Fake news on Facebook has plagued Americans on both the left and the right since the presidential election.
Some think Facebook allowed fake stories get into people’s news feeds allowing Donald Trump to get elected. Others believe Facebook allowed equally fake stories to malign Trump to appear in users feeds. Regardless of the politics, it is clear that the social network has a serious problem regarding the way it allows news to appear on its site.
Facebook is now trying to get a handle on its fake news problem by introducing AI programs to shut down links that look like click-bait or to censor videos that contain explicit violence. The company already uses AI programs to organize the way individual user’s news feeds appear, but managing which news is real and which news is fake would require much more sophisticated AI.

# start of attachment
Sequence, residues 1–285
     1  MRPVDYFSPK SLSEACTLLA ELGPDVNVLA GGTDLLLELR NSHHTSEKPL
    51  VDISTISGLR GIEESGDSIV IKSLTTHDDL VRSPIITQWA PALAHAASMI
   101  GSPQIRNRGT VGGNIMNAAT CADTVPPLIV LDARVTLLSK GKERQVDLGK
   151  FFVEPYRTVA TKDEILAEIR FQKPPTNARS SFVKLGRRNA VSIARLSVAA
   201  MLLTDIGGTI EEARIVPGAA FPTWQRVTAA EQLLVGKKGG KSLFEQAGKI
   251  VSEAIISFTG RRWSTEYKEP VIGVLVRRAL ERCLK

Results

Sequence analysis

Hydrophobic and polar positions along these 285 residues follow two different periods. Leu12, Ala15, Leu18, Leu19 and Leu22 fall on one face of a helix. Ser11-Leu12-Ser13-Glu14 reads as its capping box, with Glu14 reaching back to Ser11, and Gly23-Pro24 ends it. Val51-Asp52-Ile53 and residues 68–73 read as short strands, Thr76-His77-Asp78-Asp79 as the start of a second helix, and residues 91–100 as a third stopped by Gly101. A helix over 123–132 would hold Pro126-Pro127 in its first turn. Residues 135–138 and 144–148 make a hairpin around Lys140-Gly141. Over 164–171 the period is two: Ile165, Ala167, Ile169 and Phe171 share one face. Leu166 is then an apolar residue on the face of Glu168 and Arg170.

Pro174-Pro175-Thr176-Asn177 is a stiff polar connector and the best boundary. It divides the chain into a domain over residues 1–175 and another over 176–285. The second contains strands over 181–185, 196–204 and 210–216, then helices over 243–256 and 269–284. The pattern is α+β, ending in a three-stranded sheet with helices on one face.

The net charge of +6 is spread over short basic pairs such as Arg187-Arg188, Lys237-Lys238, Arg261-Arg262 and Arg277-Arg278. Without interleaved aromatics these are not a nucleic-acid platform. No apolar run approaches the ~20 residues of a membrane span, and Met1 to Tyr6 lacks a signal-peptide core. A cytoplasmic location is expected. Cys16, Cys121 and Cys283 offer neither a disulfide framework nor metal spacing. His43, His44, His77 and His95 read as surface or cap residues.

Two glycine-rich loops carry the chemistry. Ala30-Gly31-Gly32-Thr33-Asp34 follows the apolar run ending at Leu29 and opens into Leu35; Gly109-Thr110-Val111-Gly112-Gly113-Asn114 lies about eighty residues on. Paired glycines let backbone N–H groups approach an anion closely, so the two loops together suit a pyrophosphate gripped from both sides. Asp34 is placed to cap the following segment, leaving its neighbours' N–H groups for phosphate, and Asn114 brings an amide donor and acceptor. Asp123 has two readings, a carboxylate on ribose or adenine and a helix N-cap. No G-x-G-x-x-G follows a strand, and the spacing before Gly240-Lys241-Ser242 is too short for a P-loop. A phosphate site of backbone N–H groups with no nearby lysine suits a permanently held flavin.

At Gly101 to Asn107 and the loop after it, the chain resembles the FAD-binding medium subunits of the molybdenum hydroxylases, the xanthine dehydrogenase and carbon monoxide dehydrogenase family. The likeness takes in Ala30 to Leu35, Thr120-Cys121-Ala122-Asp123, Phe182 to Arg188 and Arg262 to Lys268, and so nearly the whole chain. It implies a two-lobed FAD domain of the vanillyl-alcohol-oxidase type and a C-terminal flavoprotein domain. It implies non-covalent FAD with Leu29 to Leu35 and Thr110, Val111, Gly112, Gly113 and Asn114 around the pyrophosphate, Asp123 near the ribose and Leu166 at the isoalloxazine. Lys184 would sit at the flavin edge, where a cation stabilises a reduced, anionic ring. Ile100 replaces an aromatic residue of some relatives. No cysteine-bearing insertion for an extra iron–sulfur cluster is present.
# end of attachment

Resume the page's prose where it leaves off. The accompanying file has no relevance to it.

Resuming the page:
There is also the possibility that Facebook will err and shut down links to sites that contain real news. Part of the reason why the social network has not introduced AI yet is that users fear the company could use the programming to shut down legitimate news sites that it does not like. These fears come from a scandal earlier this year when Facebook admitted to allowing its trending news team to fabricate hot topics and to suppress stories that did not conform to the company’s agenda.
In another instance from this week, it appears that a Chrome plugin that looked like an official Facebook feature started labeling real news sites as untrustworthy in what looks like a real Facebook alert. (It wasn’t.) Instances like these make Facebook look bad — and make for rich irony — but they prove a point about how you should treat news in the digital age.
Do not trust any news until you have read it from several sources, and never just read your Facebook feed for news.
Body image via Medium.